My kids are asynchronous like many gifted learners. I’d never be able to pull a curriculum off the shelf and meet each of their varying needs.

There is NO curriculum — boxed or pieced together — that is perfect for every child you must teach.

This is the public school model we are trying to break free of as homeschoolers, right? We know that are kid are unique and need specialized instruction, so why do we gravitate towards curriculum that works for someone else without examining our own kids’ needs first? It’s easy and feeds right into our doubts as homeschoolers.


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If I was only allowed to give one piece of advice to new homeschoolers, it would be to slow down. Wait on the curriculum. Get to know your kids and the ways in which they learn best. Then, capitalize on those strengths and interests and pull resources that meet their unique needs, interests, styles, and personalities.


Focus on Their Education Above All Else

As homeschool moms, it’s easy to get caught up in the comparison trap. There are blogs to read, Pinterest boards to peruse, Facebook groups and pages to join, and there are the moms in your co-op that look like they have it all together even though they have twice as many kids as you do.

Once you start comparing yourself to others, though, you’ll begin to forget why you’re homeschooling in the first place. You’re doing this because it’s best for YOUR family, right? Your kids need you — and all of those special traits you have.

  • They don’t need the same things as your favorite blogger’s kids do.
  • They don’t need to do every project you come across on Pinterest.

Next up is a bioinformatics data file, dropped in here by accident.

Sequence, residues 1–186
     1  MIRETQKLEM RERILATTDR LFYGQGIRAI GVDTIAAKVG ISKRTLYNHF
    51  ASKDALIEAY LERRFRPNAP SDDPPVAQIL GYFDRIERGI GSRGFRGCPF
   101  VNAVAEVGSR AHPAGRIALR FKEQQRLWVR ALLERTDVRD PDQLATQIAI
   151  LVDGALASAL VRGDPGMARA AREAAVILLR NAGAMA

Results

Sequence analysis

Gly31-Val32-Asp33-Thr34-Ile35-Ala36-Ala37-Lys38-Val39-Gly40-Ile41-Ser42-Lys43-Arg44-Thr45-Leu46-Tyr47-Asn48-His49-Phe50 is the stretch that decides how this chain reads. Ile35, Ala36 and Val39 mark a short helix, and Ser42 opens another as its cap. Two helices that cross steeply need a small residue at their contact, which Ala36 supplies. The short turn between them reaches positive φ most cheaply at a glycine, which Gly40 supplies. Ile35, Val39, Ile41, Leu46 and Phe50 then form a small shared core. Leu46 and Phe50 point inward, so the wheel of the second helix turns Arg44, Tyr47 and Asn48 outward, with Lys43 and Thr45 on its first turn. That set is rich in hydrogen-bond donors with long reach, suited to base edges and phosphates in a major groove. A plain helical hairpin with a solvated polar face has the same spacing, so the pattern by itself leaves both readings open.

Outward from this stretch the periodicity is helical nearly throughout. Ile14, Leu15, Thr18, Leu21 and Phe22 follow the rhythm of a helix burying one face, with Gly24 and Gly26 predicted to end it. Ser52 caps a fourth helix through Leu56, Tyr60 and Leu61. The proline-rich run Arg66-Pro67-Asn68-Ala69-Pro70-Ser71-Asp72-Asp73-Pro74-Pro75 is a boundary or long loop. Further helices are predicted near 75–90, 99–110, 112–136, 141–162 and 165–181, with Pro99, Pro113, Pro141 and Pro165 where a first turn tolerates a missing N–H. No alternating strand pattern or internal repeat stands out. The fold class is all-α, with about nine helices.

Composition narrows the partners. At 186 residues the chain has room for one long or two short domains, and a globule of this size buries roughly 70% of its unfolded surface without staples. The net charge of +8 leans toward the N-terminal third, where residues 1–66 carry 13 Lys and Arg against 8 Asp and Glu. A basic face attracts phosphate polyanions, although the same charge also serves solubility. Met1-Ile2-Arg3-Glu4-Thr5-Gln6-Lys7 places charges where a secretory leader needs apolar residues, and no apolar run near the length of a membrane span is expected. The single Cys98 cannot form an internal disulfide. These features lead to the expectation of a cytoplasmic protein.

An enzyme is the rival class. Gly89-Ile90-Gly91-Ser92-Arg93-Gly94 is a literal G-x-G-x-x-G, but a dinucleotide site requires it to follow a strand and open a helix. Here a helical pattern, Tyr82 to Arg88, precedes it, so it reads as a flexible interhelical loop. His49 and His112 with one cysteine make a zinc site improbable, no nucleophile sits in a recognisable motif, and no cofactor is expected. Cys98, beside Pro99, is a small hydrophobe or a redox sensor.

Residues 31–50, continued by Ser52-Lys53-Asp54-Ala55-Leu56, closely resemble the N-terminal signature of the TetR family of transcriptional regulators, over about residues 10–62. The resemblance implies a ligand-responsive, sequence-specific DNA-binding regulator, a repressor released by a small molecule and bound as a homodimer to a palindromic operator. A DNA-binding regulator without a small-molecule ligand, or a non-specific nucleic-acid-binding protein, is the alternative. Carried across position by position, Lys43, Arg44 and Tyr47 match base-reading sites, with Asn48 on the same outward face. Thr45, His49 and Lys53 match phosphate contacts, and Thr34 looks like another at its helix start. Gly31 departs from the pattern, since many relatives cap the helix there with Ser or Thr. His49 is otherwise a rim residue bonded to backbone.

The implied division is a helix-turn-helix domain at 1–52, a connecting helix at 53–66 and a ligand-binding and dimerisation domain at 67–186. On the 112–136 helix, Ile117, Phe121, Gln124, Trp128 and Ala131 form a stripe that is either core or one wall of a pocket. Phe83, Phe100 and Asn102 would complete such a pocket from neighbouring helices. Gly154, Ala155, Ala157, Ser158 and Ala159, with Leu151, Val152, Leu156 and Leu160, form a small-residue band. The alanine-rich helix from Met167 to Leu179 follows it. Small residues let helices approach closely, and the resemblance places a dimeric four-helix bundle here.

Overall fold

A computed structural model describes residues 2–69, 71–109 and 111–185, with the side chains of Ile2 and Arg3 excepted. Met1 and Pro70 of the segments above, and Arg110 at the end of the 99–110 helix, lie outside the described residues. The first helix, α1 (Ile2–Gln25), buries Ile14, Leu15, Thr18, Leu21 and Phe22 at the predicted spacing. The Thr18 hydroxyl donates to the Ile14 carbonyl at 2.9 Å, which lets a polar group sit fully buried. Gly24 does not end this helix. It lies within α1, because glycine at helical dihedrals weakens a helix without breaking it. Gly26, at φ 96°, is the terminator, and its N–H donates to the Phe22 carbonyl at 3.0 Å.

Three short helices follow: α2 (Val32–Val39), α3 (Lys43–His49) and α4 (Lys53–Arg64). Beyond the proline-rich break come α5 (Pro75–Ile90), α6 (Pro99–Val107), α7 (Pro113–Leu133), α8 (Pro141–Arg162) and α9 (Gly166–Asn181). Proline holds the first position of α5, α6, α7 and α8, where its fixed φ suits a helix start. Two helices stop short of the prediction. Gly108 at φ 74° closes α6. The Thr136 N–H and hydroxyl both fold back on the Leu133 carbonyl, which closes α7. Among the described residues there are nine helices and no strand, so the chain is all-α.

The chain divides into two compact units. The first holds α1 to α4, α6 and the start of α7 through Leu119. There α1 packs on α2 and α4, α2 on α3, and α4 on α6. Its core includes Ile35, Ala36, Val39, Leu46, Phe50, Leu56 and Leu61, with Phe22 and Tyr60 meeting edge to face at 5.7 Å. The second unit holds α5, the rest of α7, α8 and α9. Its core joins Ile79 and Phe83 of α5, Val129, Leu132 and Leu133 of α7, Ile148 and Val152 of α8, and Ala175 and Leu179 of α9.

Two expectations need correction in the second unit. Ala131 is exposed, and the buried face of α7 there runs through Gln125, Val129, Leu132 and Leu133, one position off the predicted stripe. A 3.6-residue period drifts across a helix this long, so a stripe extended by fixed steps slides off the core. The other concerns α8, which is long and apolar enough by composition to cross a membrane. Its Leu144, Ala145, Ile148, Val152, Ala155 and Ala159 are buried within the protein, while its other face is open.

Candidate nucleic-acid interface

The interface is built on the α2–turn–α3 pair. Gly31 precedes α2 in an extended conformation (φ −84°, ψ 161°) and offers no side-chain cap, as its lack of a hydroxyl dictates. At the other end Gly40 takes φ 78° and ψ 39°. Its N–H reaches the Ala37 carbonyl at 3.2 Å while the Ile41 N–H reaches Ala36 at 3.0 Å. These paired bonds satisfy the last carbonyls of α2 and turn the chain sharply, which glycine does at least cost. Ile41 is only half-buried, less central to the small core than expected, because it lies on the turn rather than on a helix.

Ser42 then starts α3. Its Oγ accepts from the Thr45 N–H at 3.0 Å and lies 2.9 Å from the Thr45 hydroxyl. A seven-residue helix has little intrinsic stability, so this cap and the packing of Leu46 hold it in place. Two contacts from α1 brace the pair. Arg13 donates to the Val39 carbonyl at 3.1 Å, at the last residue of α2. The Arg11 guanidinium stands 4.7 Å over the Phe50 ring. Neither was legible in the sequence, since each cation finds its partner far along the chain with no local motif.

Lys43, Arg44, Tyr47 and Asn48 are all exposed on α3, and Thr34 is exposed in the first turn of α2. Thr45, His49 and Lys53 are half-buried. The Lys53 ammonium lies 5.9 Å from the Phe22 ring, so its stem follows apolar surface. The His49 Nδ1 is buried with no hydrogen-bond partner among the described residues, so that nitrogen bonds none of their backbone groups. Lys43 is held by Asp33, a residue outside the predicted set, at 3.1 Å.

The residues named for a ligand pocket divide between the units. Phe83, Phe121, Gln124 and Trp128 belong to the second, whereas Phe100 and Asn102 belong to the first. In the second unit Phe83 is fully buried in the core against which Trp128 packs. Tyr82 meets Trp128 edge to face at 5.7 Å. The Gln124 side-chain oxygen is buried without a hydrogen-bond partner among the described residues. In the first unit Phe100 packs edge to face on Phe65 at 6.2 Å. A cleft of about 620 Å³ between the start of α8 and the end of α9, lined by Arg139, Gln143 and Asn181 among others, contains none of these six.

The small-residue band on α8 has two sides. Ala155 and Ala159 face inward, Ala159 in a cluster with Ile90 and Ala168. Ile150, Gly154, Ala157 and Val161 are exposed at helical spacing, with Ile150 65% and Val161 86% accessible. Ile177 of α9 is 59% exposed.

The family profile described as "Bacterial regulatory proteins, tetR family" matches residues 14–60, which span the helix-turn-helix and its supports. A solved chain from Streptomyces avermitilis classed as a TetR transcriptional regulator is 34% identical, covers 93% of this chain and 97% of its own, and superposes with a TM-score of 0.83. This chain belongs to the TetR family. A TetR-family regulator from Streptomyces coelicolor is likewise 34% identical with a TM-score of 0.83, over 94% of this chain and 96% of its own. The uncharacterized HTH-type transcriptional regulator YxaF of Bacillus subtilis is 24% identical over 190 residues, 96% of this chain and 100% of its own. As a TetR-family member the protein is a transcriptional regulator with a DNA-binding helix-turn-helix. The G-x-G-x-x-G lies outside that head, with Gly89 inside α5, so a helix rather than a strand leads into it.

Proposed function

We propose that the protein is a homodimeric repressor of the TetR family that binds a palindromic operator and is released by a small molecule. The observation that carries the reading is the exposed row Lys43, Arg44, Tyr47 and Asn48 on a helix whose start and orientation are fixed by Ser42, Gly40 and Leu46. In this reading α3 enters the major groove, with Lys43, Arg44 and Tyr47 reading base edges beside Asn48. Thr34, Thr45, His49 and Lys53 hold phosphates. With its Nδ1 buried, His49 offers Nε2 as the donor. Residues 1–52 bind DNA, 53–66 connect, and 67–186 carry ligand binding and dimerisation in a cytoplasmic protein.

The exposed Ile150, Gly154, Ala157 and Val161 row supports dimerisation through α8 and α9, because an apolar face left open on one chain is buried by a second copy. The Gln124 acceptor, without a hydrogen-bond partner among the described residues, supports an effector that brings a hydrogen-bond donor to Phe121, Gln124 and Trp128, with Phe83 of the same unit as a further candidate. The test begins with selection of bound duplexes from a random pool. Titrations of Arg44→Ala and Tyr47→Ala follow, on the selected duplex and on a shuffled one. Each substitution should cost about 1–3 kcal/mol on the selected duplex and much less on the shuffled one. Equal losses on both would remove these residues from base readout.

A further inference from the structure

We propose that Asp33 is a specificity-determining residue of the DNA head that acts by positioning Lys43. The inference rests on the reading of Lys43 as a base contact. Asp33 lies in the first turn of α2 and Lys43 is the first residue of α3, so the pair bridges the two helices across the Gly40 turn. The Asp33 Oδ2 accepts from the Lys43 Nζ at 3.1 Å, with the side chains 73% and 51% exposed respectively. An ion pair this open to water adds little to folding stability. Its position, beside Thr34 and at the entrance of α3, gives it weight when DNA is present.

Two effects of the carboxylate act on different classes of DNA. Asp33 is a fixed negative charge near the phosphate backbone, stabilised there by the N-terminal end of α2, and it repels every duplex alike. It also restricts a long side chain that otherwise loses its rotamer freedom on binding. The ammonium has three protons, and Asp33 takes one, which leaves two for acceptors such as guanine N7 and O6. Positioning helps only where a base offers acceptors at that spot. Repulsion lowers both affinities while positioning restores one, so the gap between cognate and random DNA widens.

• They don’t need to go on every field trip that pops up in your Facebook group feed.
  • And, they don’t need you to look like that mom at co-op.

They need you.

Your kids need you to remember that you’re there for them. To raise them to be the best they can possibly be. To love God. To love their family. To love learning and thinking and creating and playing and discovering.

They need you to love them.

When you forget the most important things, your kids will hate homeschooling because you will hate it.

Homeschooling is hard. But, it’s not the academics that is the toughest part. The most challenging part of homeschooling for both parents and kids is that it’s not about the academics.

Ultimately, homeschooling is about life, love, and learning…together as a family. Remember that, and love your kids, making sure that they know you love them. Make sure that they feel that love everyday…

And they’ll always adore their homeschooling — and their family.


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Do you fall into the trap like I do? Focusing on the wrong things until homeschooling is miserable for all of you? How do you bounce back?

This post is part of a new iHomeschool Network blog hop. Click on the image below {after sharing your thoughts with me in the comments} for more posts like this.


How to Get Your Kids to Hate Homeschooling